# Chapter 22: The Earth's Shadow

**At Grade**Created by: CK-12

In a lunar eclipse, if the width of the shadow of the Earth is twice the width of the Moon, then the width of the Earth itself is (very nearly) three times that of the Moon --- not twice, as one might perhaps think. Here is why:

The Sun is not a point of light but an extended source, with a disk covering a circular patch in the sky, about 0.5 degrees across. This makes the shadow of the Earth not a cylinder, stretching to infinity without narrowing down, but a cone, with an angle of 0.5 degrees across its apex C (drawing). AB is here the diameter of the Earth, and the directions AC and BC represents rays from opposite edges of the Sun's disk, rays whose directions differ by 0.5 degrees.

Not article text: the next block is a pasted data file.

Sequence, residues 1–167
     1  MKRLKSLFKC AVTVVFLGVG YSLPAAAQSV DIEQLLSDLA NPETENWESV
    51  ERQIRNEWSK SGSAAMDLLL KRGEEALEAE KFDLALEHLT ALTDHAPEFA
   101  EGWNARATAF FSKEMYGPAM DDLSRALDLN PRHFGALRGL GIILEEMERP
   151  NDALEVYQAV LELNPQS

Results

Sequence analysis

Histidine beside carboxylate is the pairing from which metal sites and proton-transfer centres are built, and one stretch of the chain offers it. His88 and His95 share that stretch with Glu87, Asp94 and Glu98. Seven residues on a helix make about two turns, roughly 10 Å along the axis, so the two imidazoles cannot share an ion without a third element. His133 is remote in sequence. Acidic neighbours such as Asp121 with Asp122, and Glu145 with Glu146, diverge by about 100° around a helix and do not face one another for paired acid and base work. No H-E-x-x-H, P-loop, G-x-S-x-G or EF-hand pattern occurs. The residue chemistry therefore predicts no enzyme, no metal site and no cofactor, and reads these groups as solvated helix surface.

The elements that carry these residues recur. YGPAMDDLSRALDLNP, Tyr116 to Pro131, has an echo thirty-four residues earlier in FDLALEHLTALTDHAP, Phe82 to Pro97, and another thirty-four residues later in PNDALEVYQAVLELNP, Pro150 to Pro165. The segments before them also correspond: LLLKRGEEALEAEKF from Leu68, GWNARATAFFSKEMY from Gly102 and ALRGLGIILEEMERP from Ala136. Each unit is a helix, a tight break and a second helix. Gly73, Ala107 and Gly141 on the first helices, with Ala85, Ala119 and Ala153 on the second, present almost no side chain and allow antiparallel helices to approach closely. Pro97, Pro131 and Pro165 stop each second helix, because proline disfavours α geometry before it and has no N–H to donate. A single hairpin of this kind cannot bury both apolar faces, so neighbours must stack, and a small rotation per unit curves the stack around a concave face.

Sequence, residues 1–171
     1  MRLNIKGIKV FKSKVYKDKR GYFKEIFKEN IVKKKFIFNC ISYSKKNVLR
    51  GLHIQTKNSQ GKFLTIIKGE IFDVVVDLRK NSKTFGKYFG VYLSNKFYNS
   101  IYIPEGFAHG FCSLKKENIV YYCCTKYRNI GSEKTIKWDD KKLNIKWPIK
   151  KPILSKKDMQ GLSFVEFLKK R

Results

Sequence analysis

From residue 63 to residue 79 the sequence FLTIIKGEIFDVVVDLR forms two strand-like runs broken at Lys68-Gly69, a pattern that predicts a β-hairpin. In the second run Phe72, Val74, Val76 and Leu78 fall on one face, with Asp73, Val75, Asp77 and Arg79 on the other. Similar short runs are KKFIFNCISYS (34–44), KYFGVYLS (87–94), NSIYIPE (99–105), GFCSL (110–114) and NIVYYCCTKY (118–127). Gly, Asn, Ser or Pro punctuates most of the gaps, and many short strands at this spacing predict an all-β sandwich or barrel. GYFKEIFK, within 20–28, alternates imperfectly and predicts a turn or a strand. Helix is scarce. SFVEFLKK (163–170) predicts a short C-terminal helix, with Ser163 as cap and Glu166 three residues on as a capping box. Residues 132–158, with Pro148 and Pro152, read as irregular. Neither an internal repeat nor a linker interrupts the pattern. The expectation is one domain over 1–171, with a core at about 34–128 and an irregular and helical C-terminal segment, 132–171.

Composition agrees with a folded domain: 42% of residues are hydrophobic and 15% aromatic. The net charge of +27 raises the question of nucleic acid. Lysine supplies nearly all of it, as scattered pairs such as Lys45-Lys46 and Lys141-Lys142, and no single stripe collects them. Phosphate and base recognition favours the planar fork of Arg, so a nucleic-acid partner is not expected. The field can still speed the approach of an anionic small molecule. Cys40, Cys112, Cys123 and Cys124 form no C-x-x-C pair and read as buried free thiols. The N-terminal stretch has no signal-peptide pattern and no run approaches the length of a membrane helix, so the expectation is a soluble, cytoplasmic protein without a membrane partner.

Illustration of a Lunar eclipse.

If \begin{align*} x\end{align*}

The width of the Moon as seen from point H is KD = \begin{align*} x\end{align*}

It follows then that AC = \begin{align*} 3R\end{align*}